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Sam Altman is the CEO of the Year, a Scandalous Release of Google Gemini, Regulation of AI by EU Law: Top AI News of the Week (Plus About a Nun Suddenly)

Our latest AI Digest covers the biggest breaking AI news of the week. Anywhere Club community leader, Viktar Shalenchanka, comments on the key stories.

Anywhere Club community leader, Viktar Shalenchanka

#1 — Sam Altman is the CEO of the Year

Taylor Swift is the Person of the Year according to Time magazine. Why is this interesting in the context of AI news? One of the other nominees for the magazine's award was Sam Altman, CEO (and former CEO, and CEO again) of OpenAI. That Altman did not win the nomination indicates to me that most people still do not grasp the importance of AI to the future of humanity. The mere fact of his nomination, however, shows that ignoring the AI boom is impossible. This is evidenced by Altman's victory in a less prominent category: CEO of the Year.

#2 — Google Gemini release

Another significant event of the year was the long-awaited release of Google Gemini, a generative model that competes with GPT-4. A video demonstration accompanied the Gemini launch. In the video, the model – in real-time – describes human actions, plays "Rock, Paper, Scissors," and predicts gestures. Consistent with Google tradition, however, the demo was not without a scandal. It turns out that the beautiful video shown during the release was not exactly fake, but was somewhat enhanced. The company admitted that the video was edited for marketing purposes and that, in reality, Gemini behaves much less intelligently than shown during the demo. This doesn't negate the fact of the emergence of another strong competitor to OpenAI, which is very cool.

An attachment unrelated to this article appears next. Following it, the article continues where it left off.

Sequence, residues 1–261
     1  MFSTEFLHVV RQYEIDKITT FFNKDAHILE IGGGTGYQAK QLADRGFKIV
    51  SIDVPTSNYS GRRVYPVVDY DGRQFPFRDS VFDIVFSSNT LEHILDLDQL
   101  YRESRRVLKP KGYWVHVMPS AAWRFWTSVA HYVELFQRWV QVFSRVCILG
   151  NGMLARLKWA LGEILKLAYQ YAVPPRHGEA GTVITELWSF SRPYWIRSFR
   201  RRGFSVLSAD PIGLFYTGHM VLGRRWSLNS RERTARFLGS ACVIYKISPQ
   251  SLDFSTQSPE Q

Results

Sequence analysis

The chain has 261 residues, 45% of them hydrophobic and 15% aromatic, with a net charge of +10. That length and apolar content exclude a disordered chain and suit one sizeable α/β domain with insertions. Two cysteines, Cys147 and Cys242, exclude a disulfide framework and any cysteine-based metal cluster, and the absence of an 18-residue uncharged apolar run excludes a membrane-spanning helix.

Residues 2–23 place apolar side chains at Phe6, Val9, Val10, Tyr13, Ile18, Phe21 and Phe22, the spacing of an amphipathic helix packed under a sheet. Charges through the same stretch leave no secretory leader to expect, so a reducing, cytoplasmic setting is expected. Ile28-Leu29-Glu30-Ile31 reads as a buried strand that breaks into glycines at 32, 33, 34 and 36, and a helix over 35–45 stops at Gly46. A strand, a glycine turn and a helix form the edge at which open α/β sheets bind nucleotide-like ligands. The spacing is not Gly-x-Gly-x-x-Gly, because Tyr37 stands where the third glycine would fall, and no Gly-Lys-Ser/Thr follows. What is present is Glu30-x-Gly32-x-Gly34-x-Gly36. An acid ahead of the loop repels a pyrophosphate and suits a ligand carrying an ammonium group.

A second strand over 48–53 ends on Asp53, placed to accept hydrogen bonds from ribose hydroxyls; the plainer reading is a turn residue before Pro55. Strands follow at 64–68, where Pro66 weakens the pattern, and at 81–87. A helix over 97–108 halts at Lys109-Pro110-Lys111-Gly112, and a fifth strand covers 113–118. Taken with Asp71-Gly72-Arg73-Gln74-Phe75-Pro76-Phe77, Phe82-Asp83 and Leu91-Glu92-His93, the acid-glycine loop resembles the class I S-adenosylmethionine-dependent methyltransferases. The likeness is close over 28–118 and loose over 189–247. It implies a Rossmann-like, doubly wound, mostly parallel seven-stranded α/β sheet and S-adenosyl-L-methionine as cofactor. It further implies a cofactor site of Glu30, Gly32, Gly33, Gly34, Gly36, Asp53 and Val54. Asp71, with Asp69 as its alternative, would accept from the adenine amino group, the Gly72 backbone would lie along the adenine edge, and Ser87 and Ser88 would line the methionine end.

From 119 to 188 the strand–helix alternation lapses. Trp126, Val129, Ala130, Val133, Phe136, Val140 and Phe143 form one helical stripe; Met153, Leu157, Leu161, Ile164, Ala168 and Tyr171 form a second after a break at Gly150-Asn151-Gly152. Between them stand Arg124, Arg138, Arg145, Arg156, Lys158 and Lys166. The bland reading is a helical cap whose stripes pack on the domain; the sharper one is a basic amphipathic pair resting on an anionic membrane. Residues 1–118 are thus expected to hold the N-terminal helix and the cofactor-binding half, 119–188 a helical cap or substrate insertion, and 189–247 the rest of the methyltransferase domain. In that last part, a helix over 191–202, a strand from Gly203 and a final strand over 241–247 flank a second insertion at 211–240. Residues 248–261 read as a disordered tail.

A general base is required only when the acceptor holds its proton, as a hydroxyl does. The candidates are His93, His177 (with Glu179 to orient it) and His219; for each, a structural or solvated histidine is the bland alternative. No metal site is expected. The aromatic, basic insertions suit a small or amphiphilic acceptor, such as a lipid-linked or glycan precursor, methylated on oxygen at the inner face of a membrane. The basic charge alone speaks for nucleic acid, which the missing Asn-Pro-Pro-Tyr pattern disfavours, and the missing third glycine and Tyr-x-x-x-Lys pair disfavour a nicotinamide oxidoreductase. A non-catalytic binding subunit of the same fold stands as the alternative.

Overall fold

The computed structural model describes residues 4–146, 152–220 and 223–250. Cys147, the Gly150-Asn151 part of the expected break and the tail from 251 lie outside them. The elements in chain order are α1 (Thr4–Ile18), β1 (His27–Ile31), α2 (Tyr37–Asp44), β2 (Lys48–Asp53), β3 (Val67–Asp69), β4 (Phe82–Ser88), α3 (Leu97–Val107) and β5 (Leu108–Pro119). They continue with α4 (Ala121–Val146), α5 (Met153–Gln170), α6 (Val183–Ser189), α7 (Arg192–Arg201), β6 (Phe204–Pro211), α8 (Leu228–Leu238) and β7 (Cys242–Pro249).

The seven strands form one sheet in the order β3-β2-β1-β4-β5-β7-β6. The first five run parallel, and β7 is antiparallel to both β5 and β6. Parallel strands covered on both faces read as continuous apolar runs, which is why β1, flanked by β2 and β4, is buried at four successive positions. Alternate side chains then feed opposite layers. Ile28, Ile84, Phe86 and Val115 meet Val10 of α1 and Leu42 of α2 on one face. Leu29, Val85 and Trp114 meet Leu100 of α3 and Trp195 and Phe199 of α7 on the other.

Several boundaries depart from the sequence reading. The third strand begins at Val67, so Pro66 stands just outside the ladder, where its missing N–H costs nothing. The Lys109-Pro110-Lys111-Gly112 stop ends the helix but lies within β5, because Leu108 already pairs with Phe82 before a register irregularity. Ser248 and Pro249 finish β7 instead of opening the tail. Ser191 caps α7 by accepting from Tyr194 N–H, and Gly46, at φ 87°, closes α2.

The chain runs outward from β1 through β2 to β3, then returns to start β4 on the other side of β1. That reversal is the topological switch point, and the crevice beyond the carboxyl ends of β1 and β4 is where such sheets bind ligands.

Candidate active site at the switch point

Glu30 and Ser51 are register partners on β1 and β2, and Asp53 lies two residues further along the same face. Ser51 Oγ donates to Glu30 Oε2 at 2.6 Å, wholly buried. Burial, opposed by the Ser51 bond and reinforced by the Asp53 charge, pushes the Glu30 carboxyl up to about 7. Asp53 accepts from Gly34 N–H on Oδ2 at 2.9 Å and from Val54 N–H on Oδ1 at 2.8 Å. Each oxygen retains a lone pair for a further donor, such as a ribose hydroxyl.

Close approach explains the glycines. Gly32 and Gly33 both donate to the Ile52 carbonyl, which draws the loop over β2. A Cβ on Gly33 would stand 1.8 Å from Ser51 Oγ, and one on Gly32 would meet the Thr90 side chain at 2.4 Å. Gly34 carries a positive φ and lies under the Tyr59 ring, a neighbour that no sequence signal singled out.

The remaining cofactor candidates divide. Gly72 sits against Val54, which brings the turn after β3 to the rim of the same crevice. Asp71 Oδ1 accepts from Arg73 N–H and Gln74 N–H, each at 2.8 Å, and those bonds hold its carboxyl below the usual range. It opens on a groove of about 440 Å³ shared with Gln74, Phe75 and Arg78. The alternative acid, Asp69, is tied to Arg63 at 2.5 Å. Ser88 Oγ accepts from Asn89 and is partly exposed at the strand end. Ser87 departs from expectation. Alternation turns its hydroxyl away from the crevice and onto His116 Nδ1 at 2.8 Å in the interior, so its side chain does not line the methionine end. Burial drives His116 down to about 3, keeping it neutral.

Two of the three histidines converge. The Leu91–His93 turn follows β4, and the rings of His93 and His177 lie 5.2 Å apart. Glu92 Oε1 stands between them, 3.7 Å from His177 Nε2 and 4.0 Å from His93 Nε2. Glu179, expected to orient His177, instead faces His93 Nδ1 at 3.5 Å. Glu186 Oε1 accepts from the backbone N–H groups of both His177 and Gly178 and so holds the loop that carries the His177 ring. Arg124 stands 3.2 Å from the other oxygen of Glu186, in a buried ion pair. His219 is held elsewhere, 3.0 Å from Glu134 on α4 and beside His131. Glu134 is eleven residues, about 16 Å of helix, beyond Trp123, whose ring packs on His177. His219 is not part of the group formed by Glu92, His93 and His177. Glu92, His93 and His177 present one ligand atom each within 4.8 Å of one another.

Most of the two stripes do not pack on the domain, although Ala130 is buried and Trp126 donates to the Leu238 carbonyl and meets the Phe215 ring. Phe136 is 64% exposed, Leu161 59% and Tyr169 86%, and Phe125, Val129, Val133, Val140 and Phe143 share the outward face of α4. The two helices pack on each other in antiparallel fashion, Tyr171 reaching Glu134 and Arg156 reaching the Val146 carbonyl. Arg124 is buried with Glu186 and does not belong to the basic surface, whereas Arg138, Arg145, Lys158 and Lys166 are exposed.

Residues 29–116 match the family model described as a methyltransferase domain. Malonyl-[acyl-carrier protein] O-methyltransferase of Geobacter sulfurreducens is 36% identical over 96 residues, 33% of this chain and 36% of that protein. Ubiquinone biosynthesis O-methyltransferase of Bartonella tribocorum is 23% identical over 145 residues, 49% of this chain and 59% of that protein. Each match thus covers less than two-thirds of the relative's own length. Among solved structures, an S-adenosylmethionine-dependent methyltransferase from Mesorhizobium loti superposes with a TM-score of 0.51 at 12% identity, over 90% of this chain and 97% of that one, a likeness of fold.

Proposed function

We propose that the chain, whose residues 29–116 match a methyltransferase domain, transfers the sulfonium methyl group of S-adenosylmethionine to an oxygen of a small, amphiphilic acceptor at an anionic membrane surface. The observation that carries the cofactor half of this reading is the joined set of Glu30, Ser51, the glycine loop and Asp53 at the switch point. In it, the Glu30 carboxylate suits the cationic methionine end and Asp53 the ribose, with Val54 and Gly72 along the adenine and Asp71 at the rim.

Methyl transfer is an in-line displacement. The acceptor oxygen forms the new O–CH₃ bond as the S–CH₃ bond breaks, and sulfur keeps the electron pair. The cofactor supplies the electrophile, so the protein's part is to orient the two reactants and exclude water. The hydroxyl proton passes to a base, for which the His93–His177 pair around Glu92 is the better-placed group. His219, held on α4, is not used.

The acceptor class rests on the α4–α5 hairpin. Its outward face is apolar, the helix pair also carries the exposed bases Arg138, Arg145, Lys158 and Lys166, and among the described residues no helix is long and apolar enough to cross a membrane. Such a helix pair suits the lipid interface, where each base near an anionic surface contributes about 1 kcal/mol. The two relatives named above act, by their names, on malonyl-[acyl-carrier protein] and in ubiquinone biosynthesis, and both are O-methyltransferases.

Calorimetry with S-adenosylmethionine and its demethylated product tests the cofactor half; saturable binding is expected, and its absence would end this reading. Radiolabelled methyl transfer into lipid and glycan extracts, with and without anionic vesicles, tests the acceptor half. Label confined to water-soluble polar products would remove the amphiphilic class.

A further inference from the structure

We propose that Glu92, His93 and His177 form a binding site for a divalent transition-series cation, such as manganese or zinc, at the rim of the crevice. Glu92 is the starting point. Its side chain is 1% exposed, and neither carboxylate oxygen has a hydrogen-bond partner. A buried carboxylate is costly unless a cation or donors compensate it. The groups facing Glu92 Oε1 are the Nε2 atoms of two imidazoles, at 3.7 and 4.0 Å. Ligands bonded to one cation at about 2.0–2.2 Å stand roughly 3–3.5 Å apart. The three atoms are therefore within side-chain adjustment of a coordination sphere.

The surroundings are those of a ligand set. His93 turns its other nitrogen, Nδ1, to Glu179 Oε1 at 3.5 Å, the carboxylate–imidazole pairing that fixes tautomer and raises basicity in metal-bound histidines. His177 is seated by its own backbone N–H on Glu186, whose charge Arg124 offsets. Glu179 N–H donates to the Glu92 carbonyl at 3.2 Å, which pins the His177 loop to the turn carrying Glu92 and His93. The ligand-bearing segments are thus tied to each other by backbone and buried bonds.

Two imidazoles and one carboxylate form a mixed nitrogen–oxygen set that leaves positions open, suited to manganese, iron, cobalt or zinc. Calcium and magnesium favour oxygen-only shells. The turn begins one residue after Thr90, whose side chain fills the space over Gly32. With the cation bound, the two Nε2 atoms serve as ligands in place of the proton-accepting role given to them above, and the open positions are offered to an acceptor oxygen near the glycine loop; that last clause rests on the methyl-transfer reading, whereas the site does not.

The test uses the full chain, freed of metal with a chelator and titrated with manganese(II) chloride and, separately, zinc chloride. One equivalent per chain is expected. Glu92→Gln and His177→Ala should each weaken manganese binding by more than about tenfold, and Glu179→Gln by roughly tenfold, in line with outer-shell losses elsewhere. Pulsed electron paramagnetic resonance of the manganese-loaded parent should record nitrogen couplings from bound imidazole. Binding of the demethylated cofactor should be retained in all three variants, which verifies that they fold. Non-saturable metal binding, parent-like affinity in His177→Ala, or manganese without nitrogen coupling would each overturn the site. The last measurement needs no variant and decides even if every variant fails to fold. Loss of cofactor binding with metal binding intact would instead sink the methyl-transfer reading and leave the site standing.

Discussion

#3 — AI Law in the European Union

In the European Union, competition between AI models will become more complicated. The EU adopted the world's first comprehensive set of rules regulating artificial intelligence. Significant financial penalties are envisaged for violations of the law once it takes effect. The law follows a “risk-based approach” and mandates risk assessment for all models that fall into the "high risk" category, including GPT 3.5. Interestingly, there are less stringent rules for general-purpose open-source models. And, of course, there are many restrictions on working with personal data. On one hand, regulation in the AI field has been anticipated since the public release of ChatGPT, which, essentially, still operates in a gray area. On the other hand, the EU is, as always, trying to create a useful legal framework, despite the fact that we do not yet have strong models, even.

A Surprise Recommendation!

Since this section is informative but also grants some discretion to the authors, I am taking advantage of this opportunity to offer you (and the editor) a small (AI related) surprise. I want to recommend a limited television drama series about what would happen if humanity started living according to ChatGPT instructions tomorrow. The fantastic and slightly surreal series, called "Mrs. Davis," tells the story of a nun who fights against a chatbot that manages the lives of the planet's population. Enjoy watching!

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